If your blood sugar level first becomes too high when you are pregnant, you have gestational diabetes. It usually goes back to normal after the baby is born. High blood sugar can cause problems for you and your baby. Your baby may grow too large, which can cause problems during delivery. Your baby may also be born with low blood sugar. But with treatment, most women who have gestational diabetes are able to control their blood sugar and give birth to healthy babies. Women who have had gestational diabetes are more likely than other women to develop type 2 diabetes later on. You may be able to prevent or reduce the severity of type 2 diabetes by staying at a healthy weight, eating healthy foods, and increasing your physical activity. The pancreas makes a hormone called insulin. Insulin helps your body properly use and store the sugar from the food you eat. This keeps your blood sugar level in a target range. When you are pregnant, the placenta makes hormones that can make it harder for insulin to work. This is called insulin resistance. A pregnant woman can get diabetes when her pancreas cannot make enough insulin to keep her blood sugar levels within a target range. Because gestational diabetes may not cause symptoms, it is important for you to be tested for gestational diabetes. Sometimes a pregnant woman who has symptoms has been living with another type of diabetes without knowing it. If you have symptoms from another type of diabetes, they may include: Increased thirst. Increased urination. Pregnancy causes most women to urinate more often and to feel more hungry. So having these symptoms doesn't always mean that a woman has diabetes. Talk with your doctor if you have these symptoms, so that you can be tested for diabetes at any time during pregnancy. Most women are Continue reading >>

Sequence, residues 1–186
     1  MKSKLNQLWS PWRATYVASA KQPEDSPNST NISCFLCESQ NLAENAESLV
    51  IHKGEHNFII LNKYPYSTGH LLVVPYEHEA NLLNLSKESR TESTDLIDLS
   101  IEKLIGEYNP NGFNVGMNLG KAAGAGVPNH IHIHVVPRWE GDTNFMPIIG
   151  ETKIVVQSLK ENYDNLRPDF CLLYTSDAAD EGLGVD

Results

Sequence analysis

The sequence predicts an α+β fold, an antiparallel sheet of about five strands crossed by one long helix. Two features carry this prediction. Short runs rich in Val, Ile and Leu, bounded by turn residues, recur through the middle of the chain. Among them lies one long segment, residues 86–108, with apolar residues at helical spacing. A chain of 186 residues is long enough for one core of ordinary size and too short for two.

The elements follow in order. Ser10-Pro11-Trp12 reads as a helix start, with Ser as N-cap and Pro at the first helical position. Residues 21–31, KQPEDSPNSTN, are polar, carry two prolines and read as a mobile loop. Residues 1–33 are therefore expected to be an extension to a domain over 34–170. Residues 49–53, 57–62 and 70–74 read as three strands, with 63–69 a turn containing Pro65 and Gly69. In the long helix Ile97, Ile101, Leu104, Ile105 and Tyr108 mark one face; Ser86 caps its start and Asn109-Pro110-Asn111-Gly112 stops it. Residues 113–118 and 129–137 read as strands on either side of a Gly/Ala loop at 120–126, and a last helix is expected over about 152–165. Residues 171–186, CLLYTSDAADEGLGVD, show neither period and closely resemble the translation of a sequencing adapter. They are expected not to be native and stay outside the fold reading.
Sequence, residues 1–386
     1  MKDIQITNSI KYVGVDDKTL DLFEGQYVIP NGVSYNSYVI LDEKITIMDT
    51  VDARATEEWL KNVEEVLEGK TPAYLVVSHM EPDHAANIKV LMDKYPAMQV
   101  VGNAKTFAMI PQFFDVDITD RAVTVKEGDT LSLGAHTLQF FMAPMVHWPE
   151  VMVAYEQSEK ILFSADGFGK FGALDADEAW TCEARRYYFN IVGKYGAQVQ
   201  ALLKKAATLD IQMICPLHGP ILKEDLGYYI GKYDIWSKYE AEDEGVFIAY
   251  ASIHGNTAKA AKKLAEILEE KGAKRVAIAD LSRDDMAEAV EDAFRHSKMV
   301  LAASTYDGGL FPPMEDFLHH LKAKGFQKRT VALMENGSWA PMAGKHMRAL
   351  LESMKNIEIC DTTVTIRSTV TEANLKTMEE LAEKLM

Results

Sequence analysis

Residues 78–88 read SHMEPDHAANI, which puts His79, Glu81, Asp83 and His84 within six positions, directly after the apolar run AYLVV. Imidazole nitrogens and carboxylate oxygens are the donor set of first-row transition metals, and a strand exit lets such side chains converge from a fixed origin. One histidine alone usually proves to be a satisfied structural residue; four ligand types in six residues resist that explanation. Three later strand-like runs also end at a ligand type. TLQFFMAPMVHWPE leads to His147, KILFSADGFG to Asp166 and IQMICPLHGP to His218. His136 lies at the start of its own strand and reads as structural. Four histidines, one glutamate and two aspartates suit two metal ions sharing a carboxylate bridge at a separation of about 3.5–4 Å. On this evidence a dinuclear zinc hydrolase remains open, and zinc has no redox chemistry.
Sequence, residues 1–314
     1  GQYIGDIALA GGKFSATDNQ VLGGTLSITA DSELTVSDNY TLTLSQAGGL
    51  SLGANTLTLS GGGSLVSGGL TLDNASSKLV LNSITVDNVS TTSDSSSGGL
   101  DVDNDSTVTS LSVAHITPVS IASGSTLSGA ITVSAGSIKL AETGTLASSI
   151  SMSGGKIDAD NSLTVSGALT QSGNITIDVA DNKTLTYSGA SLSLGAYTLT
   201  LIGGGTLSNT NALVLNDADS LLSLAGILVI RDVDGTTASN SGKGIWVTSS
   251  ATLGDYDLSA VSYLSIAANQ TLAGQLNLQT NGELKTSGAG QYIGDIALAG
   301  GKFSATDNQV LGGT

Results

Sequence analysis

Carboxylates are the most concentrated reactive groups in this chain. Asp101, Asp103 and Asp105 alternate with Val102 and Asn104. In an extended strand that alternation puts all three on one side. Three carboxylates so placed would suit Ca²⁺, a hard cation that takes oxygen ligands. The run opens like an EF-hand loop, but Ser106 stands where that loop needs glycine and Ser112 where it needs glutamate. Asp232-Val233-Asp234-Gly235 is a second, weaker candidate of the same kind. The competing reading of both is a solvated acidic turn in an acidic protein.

My Experience With Gestational Diabetes